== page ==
Robert Steinglass

With JSI since 1987


Immunization Team Leader, JSI International

How did you end up working public health?

The first time I heard of public health was in a newspaper article about the earthquake in Afghanistan in 1972. I wanted to help. I was a product of the late 1960s and was looking for a way to contribute to social justice, and—very important— also for something adventurous and outside my comfort zone. I wrote to several schools of public health to ask if my background was compatible with the sort of person who could be admitted. They all said no because my major had been political science and my minor art history. So I reluctantly applied for Peace Corps, with the stipulation that I’d be assigned to public health work in Ethiopia, because I wanted to go to a country with a proud cultural history that owed nothing to the West. Another applicant must have gotten cold feet at the last minute, because they honored my request and sent me there on short notice to help eradicate smallpox. It was there that I met my wife Dolores, Ethiopia’s first Irish CONCERN volunteer, who was running a famine relief camp that had a case of smallpox

“After working at WHO, I liked the informality of JSI, the lack of officious protocol, the encouragement of people with energy, ideas and zeal, and the overall congeniality.”

Where did you start your career?

When I returned from Ethiopia in 1975, I got my MPH at Johns Hopkins—having become an eligible candidate—and was the first person admitted to the international health department who wasn’t already a doctor or nurse. After graduating, I ran a PHC program in the Nicaraguan jungle for CARE for about 4 months.

At the ripe old age of 28, I was hired by WHO to run a smallpox eradication program in North Yemen. I settled into the culture there with my wife and our six-month-old. Our second son was born in our house, delivered by my midwife wife’s midwife friends

Robert in the waiting room of a clinic in Uganda.

Robert in the waiting room of a clinic in Uganda.

When did you come to JSI?

After setting up immunization programs for WHO in North Yemen, Oman, and Nepal—where I saw JSI in action—I joined JSI in Washington, D.C. in 1987. I began working as a technical officer on REACH, JSI’s first global project, which focused on immunization and health care financing. Since then, I’ve led immunization teams on all our major child survival projects, including REACH II, BASICS, BASICS II, IMMUNIZATIONbasics, MCHIP, and currently MCSP. I serve on various advisory groups for WHO, Institute of Medicine, CDC, UNICEF, and GAVI.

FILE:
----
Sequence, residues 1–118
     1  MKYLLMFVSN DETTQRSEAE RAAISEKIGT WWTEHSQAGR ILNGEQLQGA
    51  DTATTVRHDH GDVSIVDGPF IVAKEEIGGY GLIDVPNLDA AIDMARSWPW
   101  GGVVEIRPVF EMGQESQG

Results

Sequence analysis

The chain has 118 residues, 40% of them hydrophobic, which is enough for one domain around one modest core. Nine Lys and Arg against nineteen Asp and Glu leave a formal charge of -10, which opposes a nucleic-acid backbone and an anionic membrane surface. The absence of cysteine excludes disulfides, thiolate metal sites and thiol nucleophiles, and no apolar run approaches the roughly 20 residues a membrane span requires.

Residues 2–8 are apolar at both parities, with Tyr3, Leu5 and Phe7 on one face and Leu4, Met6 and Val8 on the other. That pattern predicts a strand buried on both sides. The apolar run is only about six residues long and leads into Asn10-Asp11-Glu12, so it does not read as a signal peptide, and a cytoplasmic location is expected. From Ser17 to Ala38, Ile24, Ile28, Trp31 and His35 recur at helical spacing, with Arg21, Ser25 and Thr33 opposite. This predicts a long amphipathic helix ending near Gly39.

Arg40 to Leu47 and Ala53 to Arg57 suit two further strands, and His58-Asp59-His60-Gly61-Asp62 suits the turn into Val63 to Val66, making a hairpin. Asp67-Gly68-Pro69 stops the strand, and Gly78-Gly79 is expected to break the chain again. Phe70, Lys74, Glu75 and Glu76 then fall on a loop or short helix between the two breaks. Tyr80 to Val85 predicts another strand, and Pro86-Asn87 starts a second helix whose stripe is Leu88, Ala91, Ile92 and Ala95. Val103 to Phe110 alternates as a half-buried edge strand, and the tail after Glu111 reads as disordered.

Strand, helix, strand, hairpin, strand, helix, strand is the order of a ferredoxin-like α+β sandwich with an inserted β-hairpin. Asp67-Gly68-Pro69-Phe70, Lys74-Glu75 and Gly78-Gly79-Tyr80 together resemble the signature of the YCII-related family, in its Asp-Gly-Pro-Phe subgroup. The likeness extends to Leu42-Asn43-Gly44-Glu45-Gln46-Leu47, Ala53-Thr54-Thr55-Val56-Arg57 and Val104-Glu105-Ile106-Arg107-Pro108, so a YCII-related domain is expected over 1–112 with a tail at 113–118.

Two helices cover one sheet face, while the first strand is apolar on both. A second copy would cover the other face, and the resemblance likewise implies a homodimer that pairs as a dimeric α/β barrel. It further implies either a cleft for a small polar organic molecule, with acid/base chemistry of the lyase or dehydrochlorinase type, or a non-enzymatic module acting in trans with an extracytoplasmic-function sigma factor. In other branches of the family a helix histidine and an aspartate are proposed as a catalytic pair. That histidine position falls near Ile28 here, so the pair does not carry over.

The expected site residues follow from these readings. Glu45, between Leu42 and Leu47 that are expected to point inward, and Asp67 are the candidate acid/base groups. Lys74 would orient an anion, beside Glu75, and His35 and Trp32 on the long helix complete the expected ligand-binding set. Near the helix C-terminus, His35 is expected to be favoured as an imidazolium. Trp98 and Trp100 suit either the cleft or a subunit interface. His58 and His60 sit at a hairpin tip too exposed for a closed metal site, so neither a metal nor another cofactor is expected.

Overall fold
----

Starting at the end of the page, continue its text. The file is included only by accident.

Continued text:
photo robert and john snow

Robert helped celebrate Dr. John Snow’s 200th birthday.

What attracted you to JSI?

After working at WHO, I liked the informality of JSI, the lack of officious protocol, the encouragement of people with energy and ideas and zeal, and the overall congeniality. I have stayed because that JSI environment persists even as we have grown exponentially in the 28 years since I joined.

What’s your family doing now?

Our sons Barry and Aaron are now in their mid-thirties and have five kids between them. Barry entered data here at JSI one summer. He worked on Xbox at Microsoft, then formed his own IT company Chef, and now is a VP at Hulu, in charge of their Seattle office. Aaron lives on top of a mountain near Asheville, North Carolina, where he and his wife grow organic vegetables, prepare food for area farmers’ markets and sell home-made crafts over the internet. Both appreciate their foreign exposure, although Aaron’s birth in North Yemen, as noted on his passport, stimulates unwelcome interest when he travels internationally. Most weekends Dolores and I retreat to our 105-year-old vacation home, in a large clearing on the side of a forested mountain in the Blue Ridge Mountains, Virginia, where bears, owls and the occasional snake are our neighbors.

A Project to Remember

In 1992, just after the collapse of the Soviet Union, I visited each of the Central Asian Republics to begin a five-year effort for REACH and BASICS. It would be several years before USAID or multilateral agencies would set up shop and I was the first American anyone had seen. Within four weeks of my visit, USG-chartered aircrafts were landing in the CAR for the very first time, bringing cargos of vaccines and, a few months later, cold chain equipment.


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